There are many reasons award-winning singer-songwriter Gary Fjellgaard likes to perform in the Shuswap every fall.
“It’s one of my favourite places to play; great atmosphere, out in the country. I always feel good when I get there to set up,” he says of annual appearances with Valdy at Carlin Hall. “A lot of my audience is rural; people are so warm and friendly and laugh at all our jokes.”
Fjellgaard is hoping to get the same warm reception when he returns to the Shuswap in May – not to Carlin Hall where he says the ladies take such good care of him, but to the Prestige Harbourfront Resort for the annual Word on the Lake Writers’ Festival.
An accomplished guitarist, singer and songwriter, Fjellgaard will present a workshop on songwriting.
“It’s more than 45 years and counting that I have been turning out songs and making a reasonable living doing it,” he says. “I played in bars out of necessity; I never enjoyed it much, but it was a good way to go to school.”
As well as honing his craft on the job, Fjellgaard says he decided long ago what kind of songs suited him and his audience.
“It was the nature of the songs that carried us through,” he says. “Writing always has to have the ring of truth; people accept you for that. If you’re writing a lie, people will detect it and stop coming.”
Raised on a farm on the Canadian Prairies Fjellgaard’s songs ring of a frontier spirit.
The talented troubadour came to B.C. in 1953 and headed for the bush, finding inspiration for his songs over 20 years in the logging industry, his annual stints as a trail-riding cowboy and his travels back and forth across Canada.
But inspiration is only the beginning, he laughs.
“You might get that flash of inspiration, then the work starts,” he says. “You think it’s almost written itself, but no, then you have to try to put it into a form your audience will like, not just your mom.”
Then, there are the rules; the ring of truth is one, hard work is the other.
“It’s fun work, but songs don’t write themselves,” he says. “People might say they wrote a song in two minutes, but then there’s the weeks of rewriting.”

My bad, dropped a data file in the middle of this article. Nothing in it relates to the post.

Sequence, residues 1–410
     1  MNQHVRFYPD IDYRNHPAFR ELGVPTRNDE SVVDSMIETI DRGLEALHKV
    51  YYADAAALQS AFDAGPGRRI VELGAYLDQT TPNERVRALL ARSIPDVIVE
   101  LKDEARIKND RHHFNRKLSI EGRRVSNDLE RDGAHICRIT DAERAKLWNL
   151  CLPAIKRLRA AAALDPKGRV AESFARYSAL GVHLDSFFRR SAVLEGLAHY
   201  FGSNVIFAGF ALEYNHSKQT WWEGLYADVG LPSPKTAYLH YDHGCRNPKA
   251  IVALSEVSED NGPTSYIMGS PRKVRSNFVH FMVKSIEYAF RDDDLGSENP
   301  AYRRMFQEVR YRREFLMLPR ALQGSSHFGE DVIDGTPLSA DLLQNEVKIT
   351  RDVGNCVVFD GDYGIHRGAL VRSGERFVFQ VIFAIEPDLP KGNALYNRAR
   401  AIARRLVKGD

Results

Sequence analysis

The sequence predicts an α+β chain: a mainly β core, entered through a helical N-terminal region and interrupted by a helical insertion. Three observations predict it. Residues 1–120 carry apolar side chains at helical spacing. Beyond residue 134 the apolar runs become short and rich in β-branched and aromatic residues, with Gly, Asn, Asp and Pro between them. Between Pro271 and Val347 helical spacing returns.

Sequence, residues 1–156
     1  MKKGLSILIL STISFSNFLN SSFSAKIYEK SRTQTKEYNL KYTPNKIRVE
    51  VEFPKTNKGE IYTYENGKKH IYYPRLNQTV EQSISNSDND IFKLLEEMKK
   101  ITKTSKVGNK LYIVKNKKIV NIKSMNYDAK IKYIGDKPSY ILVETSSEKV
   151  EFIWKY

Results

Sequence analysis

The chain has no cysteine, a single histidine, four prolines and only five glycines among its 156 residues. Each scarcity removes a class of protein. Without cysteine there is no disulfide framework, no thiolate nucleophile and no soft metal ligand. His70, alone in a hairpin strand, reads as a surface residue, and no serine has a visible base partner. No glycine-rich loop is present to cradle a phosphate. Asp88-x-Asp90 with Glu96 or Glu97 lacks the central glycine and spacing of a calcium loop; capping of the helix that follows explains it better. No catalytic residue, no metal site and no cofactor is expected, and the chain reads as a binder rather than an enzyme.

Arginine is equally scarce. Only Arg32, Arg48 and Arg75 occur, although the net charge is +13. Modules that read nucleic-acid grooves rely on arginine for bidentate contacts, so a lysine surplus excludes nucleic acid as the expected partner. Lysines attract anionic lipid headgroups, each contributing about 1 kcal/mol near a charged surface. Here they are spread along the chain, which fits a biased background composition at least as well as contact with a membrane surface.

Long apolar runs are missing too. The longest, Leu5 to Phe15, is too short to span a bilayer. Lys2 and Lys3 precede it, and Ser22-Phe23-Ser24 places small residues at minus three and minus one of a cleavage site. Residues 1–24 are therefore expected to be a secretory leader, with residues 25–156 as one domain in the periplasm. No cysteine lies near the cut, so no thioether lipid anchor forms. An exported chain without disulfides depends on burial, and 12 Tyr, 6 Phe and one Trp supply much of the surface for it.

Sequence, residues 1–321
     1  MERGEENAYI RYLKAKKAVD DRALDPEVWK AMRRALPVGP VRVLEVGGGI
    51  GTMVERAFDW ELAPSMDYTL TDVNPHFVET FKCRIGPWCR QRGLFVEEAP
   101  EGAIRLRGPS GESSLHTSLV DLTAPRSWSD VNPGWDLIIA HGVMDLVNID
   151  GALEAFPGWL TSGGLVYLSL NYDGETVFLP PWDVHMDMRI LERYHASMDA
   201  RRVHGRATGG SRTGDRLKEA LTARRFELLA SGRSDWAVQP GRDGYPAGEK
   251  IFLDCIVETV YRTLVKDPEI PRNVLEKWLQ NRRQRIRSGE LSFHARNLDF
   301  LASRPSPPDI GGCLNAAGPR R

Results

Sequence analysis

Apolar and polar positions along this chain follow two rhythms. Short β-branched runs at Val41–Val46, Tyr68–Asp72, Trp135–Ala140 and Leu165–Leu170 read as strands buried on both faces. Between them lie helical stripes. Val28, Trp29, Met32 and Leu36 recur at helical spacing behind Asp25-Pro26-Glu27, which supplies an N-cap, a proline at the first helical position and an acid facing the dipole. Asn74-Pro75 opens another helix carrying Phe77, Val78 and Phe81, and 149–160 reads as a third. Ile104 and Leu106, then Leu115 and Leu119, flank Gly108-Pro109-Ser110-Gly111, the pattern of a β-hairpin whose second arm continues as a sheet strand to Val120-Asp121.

Fjellgaard maintains it’s not good enough to stand up on the stage and sing a song. First, the song has to be learned inside and out, and then the songwriter can add the emotion and energy.
“Emotional energy is the key to everything.”
In terms of lyrics, Fjellgaard says some people write great prose, but that doesn’t mean it will sing. And when the words do work, they have to fit the music.
“If you write a beautiful soaring melody, then the words have to fit,” he says, emphasizing “the marriage between the lyrics and the melody has to work.”
Of the several hundred songs he has written, Fjellgaard says he boils it down to 25 songs to take on tour, changing them every time, but always keeping a few favourites that he and his audiences love.
A master of creating a warm rapport with his audience, Fjellgaard says it wasn’t always that way.
“It took me a long time to feel comfortable with what I do,” he says, noting he used to be up-tight and subject to stage fright. “Being scared to perform is a very natural feeling, but it became a lot easier and now I enjoy getting out in front of people.”
Fjellgaard has led workshops before and is looking forward to participating in the Word on the Lake Writers’ Festival, which runs May 15 to 17.
He suggests those who are interested in his workshop pick some of their favourite songs prior to the festival and consider why it is successful.
“I will try to do my best get the songwriting thing across, why it works and why it doesn’t,” he says. “I have some literature and I touch upon the commercial aspect. One of the headings on some of the literature is ‘And then you work, and then you work, and then you work.’”
The 2005 Juno Award winner still tours extensively, retreating to his home on Gabriola in between. His lifelong love for his wife Lynne, their four daughters and their many grandchildren is lovingly illustrated in many of his songs.
For more information on Word on the Lake presenters, their writing contests, workshops, coffee house, banquet, entertainment, earlybird rates, bursaries and more, visit www.wordonthelakewritersfestival.com.
Prior to the festival, a fundraising ceilidh will be held March 28 at the Wicked Spoon, featuring an evening of music with Rough Pearl (formerly Cats and the Fiddle), the Circle of Friends band, dance, great food and a silent auction.